Wednesday, January 19, 2011

Being and playing president

POTUS is an elected monarch. In the previous posts the LD and I examined mostly the reigning and the governing sides of his office. Or, better, just to these two sides the LD answered me, also pointing out that they can never be totally separated, as he noticed by recalling the example of a president whom we love, Theodor Roosevelt, who knew how to reign by governing and to govern by reigning.

Correct. But we need to take into consideration a third side, pertaining to the fact that he is an elected monarch: i.e. campaigning.

Obama, during the 2008 campaign, played at being presidential, which he failed to be while in office. How about the Tucson speech? Was that a playing president too?

There isn't a one way answer: because he is the president.

Therefore, by delivering a speech addressed to everybody, all molded in a pacifying mode, he was presidential, up to his role.

However, he also needs to be reelected. Returning to the style of his old candidate speeches is clearly aimed then at recovering consensus for election. And it couldn't be otherwise.

We live in a democracy, after all, where it is elected he who knows how to touch the right chords in the public audience: is rhetorically effective. But here we need to make distinctions. If rhetoric is unavoidable, it doesn't mean that we can't discern whether one is in his whole person consonant to what he says, or this appears dissonant with respect to what he otherwise shows to be.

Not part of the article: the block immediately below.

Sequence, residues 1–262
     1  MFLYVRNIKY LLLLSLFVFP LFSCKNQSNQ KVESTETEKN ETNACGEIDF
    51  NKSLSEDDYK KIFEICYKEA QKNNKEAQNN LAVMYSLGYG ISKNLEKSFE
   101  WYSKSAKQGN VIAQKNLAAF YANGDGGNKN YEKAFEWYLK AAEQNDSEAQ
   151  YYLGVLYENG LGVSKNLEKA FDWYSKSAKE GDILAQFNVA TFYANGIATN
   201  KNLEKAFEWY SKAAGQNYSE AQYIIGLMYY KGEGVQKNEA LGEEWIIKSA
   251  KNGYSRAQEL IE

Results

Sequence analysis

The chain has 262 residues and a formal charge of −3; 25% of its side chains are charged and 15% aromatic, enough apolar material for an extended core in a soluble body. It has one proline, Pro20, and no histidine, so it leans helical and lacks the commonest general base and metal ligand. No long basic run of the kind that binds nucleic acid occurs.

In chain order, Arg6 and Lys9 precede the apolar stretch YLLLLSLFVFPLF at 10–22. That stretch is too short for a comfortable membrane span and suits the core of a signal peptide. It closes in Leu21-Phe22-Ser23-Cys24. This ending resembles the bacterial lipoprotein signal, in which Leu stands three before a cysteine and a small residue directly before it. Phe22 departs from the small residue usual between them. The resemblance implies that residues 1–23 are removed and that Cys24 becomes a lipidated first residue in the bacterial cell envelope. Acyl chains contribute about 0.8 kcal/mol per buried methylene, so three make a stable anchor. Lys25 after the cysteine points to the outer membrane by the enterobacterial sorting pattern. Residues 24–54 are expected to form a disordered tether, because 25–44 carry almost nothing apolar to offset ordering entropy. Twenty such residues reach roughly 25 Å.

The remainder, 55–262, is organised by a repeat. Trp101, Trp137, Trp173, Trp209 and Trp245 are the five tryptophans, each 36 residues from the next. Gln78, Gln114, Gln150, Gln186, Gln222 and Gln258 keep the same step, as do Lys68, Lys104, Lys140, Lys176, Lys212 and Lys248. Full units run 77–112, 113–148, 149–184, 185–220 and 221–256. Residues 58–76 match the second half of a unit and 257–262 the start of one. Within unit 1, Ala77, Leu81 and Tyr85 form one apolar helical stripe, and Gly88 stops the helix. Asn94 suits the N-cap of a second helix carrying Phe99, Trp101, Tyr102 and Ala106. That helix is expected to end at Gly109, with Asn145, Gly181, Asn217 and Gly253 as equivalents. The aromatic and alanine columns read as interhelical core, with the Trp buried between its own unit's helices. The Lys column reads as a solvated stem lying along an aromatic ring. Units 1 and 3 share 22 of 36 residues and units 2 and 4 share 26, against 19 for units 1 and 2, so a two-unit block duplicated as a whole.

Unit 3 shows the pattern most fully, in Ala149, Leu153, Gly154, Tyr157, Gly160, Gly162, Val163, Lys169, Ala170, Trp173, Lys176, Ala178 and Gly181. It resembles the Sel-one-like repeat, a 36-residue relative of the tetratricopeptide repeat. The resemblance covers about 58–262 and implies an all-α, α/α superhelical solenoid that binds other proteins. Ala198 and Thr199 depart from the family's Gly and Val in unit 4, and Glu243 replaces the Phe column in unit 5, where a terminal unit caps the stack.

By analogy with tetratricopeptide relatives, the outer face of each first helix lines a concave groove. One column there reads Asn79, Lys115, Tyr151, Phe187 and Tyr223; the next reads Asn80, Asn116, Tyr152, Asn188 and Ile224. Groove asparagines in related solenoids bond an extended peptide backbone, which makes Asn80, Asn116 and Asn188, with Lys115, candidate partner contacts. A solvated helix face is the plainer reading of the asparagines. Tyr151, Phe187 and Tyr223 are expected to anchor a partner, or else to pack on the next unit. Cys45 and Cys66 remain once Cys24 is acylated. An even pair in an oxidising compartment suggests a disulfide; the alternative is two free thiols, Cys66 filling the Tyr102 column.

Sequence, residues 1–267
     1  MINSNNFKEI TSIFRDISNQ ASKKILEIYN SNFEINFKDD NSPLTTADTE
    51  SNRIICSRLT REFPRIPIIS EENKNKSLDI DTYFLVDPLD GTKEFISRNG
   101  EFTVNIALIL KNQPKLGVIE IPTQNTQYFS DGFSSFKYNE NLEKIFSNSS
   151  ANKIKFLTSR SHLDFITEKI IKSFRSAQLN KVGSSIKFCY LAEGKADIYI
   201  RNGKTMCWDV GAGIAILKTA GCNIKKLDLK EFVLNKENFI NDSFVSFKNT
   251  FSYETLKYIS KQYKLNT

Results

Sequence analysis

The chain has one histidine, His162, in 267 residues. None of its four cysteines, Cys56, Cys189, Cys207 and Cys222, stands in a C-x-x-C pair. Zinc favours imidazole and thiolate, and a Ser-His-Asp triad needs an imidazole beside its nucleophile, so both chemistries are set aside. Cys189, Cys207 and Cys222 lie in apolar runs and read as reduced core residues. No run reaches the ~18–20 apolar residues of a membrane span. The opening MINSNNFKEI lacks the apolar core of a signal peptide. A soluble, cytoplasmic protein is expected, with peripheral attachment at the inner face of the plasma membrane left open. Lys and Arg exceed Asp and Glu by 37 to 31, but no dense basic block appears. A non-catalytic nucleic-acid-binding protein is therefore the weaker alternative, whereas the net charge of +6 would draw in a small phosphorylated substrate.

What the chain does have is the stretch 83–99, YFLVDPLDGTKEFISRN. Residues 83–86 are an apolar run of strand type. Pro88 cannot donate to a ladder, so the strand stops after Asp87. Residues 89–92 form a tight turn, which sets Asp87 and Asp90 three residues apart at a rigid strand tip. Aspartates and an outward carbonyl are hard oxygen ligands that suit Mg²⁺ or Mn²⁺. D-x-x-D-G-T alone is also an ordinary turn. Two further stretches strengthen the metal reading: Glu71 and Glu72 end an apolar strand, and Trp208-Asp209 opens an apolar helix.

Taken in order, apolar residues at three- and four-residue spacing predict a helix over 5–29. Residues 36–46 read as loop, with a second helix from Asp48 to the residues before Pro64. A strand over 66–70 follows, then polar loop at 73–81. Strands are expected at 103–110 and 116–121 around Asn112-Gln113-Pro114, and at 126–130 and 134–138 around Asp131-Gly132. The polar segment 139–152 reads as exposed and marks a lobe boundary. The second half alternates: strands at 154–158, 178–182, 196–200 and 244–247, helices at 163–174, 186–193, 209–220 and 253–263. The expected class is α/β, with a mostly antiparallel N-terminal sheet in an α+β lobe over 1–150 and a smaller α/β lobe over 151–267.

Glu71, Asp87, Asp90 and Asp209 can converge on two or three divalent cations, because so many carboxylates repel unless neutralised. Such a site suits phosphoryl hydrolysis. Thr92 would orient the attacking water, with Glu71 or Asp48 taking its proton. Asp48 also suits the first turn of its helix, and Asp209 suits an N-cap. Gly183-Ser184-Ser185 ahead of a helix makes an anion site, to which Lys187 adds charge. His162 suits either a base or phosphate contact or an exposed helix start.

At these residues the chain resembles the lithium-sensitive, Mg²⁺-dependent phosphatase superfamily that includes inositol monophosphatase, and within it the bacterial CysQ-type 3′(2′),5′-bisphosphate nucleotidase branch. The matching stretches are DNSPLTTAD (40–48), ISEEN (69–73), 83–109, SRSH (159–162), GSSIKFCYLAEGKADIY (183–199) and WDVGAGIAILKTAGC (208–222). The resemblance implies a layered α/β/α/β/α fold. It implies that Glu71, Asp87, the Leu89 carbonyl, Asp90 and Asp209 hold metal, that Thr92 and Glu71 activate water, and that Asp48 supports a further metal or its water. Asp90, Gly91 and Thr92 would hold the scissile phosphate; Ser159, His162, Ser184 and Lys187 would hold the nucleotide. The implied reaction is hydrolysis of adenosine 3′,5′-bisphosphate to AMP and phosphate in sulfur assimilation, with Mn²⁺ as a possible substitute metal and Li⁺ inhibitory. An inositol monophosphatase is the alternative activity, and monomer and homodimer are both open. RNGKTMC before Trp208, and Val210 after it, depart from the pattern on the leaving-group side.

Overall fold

The second I think is the case with Obama. His speech was indeed presidential, and still he was playing president.

I tend to agree with the comment to my post: that speech doesn't show a change of heart.

I don't applaud at Sen. McCain's applauding at the Tucson speech. To my view, as I often repeated in this blog, the cleavage that divides Americans is deeper than he seems to suggest. Sweet pacifying words avail to nothing if they don't go with some account of what divides, and possibly with a hint of what can heal the division. Or better, they amount in the end to no more than an electoral devise.


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